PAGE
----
When I drive by Kennedy Park, close to my neighborhood, there are only blankets, torn and dirty on that green wood bench. Usually, that bench holds a person beneath those blankets. Someone whose face I’ve never seen: hands yes, scuffed boots yes, winter jacket yes, but no face.
On March 13th, the college where I teach ended on-site classes due to Covid-19 found, confirmed in the state. The students were asked to evacuate, to return home.
Maine’s governor, Janet Mills, later, due to the virus, designated the state as one of emergency. I immediately thought of where that person would go, if they’d remain on that bench in tumultuous rest, sleep. Where would the most vulnerable of us go? Would they persist in this pandemic, among this virus set to infect silently, to kill?
That park, which was established in 1862, was the first place I sat out-of-doors when I came to Lewiston almost two years ago. I sat on one of the wrought iron benches to eat a sandwich I’d purchased nearby. I noticed the teal roofed gazebo in the park’s center, its almost reflection of the sky. I noticed other people sitting on various benches staring at the crows on the grass. Some were marijuana high, drifting about in the clouds, others had other highs that made them curse constantly: noise, the anger of their circumstances, all of that new liquid in their veins. A small group of boys and young men played basketball on the courts, part of that same park. And that person on the green bench, covered in blankets was there as well. That person was the only one covered in blankets, yet it was August and sweltering. Many of those in the park were immigrants from Somalia, Kenya, and the Congo but there were locals too, all enjoying that day or waiting for the next, hoping that the next would be one to enjoy.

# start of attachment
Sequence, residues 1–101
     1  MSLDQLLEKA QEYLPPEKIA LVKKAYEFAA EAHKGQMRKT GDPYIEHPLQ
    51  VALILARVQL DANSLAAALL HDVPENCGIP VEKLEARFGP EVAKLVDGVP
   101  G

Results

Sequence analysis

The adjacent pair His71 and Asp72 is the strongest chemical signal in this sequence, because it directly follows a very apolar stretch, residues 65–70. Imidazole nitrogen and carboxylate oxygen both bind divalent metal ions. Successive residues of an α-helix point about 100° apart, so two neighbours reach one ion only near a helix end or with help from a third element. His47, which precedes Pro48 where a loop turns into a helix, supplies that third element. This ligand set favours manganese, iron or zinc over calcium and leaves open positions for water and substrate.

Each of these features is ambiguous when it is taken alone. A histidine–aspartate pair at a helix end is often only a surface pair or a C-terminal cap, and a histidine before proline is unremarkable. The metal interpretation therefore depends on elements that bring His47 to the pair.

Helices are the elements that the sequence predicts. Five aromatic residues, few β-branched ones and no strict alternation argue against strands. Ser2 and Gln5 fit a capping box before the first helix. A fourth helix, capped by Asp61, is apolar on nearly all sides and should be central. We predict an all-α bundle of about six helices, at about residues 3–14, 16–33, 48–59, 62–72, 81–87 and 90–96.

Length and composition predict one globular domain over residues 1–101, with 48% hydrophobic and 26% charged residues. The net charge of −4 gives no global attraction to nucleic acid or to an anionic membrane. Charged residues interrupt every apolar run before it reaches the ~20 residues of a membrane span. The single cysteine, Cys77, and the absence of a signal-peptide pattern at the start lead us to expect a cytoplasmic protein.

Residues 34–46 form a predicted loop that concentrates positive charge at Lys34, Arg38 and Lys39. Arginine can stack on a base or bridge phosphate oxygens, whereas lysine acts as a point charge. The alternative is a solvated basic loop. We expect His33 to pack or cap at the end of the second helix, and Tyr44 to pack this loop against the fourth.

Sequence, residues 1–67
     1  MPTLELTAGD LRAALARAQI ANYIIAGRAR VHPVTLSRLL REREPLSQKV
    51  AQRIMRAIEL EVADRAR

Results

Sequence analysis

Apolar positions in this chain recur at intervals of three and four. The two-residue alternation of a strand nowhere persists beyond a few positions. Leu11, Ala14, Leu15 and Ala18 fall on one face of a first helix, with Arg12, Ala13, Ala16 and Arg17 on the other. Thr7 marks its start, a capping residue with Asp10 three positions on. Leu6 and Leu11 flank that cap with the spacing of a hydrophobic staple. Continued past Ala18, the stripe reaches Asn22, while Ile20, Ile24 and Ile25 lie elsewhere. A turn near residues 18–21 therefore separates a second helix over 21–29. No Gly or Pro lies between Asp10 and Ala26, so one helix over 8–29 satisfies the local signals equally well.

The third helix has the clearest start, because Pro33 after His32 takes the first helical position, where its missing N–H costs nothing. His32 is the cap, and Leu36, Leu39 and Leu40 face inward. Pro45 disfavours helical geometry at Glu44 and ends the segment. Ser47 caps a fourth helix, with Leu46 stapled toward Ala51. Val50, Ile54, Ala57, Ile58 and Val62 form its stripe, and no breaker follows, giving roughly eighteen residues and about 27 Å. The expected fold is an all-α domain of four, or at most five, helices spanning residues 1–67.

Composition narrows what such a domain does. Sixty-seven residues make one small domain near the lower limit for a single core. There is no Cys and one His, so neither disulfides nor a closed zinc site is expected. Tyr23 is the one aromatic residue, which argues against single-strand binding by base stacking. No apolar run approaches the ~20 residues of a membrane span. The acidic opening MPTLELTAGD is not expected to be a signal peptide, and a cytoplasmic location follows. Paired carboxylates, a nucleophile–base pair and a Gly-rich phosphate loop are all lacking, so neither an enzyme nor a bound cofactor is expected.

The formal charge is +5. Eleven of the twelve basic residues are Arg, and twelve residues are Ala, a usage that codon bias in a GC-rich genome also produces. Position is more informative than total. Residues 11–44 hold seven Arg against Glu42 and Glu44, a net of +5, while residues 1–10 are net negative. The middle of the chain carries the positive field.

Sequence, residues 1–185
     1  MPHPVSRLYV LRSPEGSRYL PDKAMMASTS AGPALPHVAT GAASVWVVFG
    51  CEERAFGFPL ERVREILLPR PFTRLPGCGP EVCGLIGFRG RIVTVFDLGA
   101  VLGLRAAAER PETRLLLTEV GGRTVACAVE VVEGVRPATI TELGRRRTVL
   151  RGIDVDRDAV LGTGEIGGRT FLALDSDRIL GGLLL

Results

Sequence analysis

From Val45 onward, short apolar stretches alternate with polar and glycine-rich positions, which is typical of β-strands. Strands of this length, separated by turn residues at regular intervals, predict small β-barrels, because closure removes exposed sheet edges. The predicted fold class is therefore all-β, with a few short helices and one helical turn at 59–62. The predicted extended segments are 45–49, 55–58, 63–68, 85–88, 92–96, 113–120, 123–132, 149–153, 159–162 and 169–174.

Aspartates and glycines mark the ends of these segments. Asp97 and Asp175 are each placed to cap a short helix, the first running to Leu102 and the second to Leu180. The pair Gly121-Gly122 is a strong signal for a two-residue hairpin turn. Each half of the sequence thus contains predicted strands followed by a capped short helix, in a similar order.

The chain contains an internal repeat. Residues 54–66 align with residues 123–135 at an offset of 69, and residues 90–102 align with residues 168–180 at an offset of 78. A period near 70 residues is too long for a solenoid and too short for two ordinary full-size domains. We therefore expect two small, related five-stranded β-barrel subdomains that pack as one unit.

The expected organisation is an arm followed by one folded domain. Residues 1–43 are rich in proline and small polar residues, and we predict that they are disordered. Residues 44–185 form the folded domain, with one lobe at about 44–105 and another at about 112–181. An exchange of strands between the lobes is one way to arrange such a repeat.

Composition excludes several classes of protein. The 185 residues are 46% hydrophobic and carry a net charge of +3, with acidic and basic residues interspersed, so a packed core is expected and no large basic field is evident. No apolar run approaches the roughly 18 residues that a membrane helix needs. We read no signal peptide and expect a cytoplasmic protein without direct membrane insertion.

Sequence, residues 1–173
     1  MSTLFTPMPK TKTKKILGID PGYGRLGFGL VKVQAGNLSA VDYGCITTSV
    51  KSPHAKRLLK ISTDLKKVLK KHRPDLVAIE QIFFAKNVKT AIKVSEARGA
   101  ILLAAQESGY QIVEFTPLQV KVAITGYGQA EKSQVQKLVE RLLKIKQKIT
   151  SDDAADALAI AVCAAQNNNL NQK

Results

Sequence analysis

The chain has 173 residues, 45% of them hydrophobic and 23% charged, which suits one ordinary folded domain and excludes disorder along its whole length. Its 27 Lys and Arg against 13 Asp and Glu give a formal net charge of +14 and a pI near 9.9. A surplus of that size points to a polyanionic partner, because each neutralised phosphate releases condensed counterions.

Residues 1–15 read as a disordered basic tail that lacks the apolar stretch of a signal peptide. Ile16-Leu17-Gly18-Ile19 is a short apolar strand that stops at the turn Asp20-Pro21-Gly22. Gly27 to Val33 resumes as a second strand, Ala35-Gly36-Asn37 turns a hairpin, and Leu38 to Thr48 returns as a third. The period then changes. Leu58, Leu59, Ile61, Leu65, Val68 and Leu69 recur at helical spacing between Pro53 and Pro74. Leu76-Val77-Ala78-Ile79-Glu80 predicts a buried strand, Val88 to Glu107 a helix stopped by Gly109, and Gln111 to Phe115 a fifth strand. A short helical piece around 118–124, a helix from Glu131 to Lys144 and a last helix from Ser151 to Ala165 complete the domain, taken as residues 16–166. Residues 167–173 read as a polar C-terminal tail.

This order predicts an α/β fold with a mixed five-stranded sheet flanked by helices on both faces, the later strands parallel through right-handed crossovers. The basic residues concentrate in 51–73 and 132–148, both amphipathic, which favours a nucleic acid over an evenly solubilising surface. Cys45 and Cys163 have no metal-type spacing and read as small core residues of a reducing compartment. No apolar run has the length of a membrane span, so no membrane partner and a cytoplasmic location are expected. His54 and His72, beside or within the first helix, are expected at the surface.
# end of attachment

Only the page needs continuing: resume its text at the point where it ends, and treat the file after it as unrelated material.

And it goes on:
In that park, on Tuesdays, Somali farmers sold vegetables on two, sometimes three longish tables. There I’d often buy red onions, heirloom tomatoes, and collards or Swiss chard. The woman seller, in the red hijab, would always give me three free poblano peppers and smile.
After visiting the farmers, I’d sometimes bring a small bag of apples and discreetly leave it at the foot of the green bench. I’d hoped the person occupying it, when that person emerged from their blankets, would see the bag, take it, open it, eat the apples. I’d assumed, hoped others were doing similar deeds. I’d seen kindness, capriciously, in that park and around town.
But, now, when I pass in my car, I don’t see that person. And now, this reality makes me more anxious of that person’s absence. What does this mean? What does this mean now? Now, when the park is closed. Now, when I see those long-dead elm trees no longer there, leafless? Now, when our president blunders, and lies about the blundering, and blames everyone else? Now, those blankets are still there. They are still torn and dirty.
I’m locked in my apartment, social isolating. I’m writing lines of poems I’ll toss away, if not burn. I’m reading Albert Camus’ The Plague. I’m contemplating re-reading, Giovanni Boccaccio’s The Decameron. I’m practicing social distancing. And when I rarely leave to gather groceries, over my hands I wear surgical gloves and tie a bandana around my nose and mouth—old-western-bandit style (because one can’t buy masks due to shortages) to protect others and myself. We are hiding even more of what we feel, even more of who we are.
But is that person, away from the bench, protected from this? Was that person ever protected? Are any of us? Is this the question of the pandemic? Is this the struggle? I keep asking myself this. But then, I return to the bench and the crows surrounding it, the crows walking in the tattered park grass, the crows flying about the park. I’m then back to the person not on the bench, back to what is now and what remains torn and dirty.